Inside a smuggling operation moving migrants across the US-Mexico border
May 4, 2021. Summarized by summa-bot.
Compression ratio: 19.8%. 2 min read.
The smugglers are brothers and run the business out of their family home, smuggling people into the US with the help of one brother's 14 year-old son. Makeshift ladders laid out in the backyard were the only real giveaway of the family business.
But this car was driving right along the border wall in Ciudad Juárez, a city just south of the US-Mexico line, with El Paso, Texas on the other side -- a city where human smuggling abounds.
Two human smugglers, called polleros in this part of the world, were in the car along with two migrants in the backseat who wanted to cross illegally into the United States.
Tens of thousands of migrants arrive at the US border each week, with record-setting numbers of unaccompanied minors among them.
The resurgence has also put a renewed focus on the role human smugglers play in getting so many migrants to the border.
The smugglers are brothers and run the business out of their family home, smuggling people into the US with the help of one brother's 14-year-old son.
There is scant data to quantify the exact number of migrants using smugglers' services to make this journey.
But most experts agree that many have used a smuggler for at least a part of their journey, in ways that can vary from a taxi ride between towns to an "all-inclusive" service that takes migrants from start to finish.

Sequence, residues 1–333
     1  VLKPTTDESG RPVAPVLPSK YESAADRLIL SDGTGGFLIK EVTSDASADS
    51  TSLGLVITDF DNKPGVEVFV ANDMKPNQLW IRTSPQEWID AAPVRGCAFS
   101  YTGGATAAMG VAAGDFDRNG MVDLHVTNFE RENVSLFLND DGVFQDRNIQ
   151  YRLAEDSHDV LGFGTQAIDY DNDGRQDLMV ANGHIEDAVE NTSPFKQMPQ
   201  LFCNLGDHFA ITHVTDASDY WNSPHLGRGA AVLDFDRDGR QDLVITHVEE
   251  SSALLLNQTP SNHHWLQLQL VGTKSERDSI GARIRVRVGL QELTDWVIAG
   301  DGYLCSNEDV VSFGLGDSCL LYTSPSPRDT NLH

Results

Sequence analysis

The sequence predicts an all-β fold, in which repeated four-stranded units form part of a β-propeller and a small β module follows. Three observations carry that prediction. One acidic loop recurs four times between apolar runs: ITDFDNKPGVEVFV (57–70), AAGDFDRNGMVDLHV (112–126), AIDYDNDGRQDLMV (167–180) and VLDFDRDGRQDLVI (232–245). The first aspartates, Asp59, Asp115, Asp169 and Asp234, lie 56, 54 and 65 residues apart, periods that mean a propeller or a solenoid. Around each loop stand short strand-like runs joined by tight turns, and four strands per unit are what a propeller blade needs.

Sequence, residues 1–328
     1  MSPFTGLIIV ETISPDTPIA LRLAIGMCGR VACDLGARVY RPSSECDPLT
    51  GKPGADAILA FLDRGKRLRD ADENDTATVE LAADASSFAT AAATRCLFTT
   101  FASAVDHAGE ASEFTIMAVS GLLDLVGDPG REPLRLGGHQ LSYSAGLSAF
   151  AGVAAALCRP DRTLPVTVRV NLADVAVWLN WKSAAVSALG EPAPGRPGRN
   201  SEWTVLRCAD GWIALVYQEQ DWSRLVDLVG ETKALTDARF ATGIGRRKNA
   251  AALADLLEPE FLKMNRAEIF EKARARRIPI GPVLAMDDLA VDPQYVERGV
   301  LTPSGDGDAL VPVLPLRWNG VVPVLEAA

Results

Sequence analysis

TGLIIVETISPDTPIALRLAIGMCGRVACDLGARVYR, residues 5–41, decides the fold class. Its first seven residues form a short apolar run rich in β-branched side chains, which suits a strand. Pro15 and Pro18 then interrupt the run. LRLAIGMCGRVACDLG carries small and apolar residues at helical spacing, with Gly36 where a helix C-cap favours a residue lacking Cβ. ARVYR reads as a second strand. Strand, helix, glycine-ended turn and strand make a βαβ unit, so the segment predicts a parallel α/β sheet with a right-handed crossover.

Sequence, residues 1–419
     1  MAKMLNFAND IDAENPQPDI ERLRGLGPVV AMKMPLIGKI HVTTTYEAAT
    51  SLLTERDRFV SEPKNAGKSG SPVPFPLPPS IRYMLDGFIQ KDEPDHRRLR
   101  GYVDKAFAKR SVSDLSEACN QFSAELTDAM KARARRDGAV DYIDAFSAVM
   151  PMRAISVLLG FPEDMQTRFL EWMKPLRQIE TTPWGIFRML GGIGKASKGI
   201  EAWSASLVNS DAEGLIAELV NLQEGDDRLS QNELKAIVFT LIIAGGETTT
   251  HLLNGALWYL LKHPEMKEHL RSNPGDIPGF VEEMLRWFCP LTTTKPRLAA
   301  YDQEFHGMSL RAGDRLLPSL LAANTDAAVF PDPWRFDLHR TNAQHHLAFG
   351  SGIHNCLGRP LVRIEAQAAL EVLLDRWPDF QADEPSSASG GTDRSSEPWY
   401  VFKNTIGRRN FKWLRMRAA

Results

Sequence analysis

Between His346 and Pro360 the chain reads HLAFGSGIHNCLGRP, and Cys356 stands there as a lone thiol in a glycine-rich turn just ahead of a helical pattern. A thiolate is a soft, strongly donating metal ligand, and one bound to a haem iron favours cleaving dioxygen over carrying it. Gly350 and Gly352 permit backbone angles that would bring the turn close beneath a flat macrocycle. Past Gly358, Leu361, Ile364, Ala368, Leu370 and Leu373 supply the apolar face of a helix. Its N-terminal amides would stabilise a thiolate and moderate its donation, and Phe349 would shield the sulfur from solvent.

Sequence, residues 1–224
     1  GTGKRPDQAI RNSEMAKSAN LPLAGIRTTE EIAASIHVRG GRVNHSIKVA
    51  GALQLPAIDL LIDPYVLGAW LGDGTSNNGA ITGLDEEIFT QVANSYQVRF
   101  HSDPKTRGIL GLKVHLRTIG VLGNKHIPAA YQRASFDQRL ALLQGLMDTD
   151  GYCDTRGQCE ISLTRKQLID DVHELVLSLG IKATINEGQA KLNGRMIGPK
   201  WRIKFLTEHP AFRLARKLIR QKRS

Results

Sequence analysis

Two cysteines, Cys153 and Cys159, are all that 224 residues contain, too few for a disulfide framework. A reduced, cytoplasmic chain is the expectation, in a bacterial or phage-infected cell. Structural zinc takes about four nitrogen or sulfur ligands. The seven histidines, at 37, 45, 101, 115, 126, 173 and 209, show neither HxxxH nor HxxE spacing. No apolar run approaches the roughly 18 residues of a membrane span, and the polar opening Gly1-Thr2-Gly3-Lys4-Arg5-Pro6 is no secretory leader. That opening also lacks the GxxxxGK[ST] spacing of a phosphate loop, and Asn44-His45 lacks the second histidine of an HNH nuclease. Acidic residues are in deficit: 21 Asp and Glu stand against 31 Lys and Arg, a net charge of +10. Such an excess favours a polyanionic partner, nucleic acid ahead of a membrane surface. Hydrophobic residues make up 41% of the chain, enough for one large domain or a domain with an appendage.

One of the two brothers interviewed by CNN who smuggles people in Ciudad Juárez said he was recruited for the job after moving into his house on the border.
Each migrant must pay the cartel $2,000 to cross the border here with the help of a smuggler, the two brothers told CNN.
While the exact extent of organized crime's role in migrant smuggling throughout Central America remains unclear, its presence is apparent in Mexico, where migrants are taking enormous risks in making their journey to the United States.
"They can be raped, they can be robbed, they can be extorted, they can die on the journey," said psychologist Claudia Grisel Villalobos Esparza, who works at the government-run Nohemí Álvarez Quillay migrant shelter for unaccompanied minors in Ciudad Juárez.
They even brought up the smugglers who, a few weeks earlier, had dropped two young children over the border wall not far from their home, a case that made national headlines in the US.
While extensive data quantifying the specific threats faced by migrants using smugglers is not readily available, a Human Rights First report released last month reported at least 492 attacks and kidnappings suffered by asylum seekers turned away from the US or stranded in Mexico since President Joe Biden took office in January.
The smugglers CNN spoke to argue that they provide a service that helps migrants who are desperate to get to the US.
One of the smugglers got out of the car along with the two migrants, one of whom grabbed the makeshift ladder.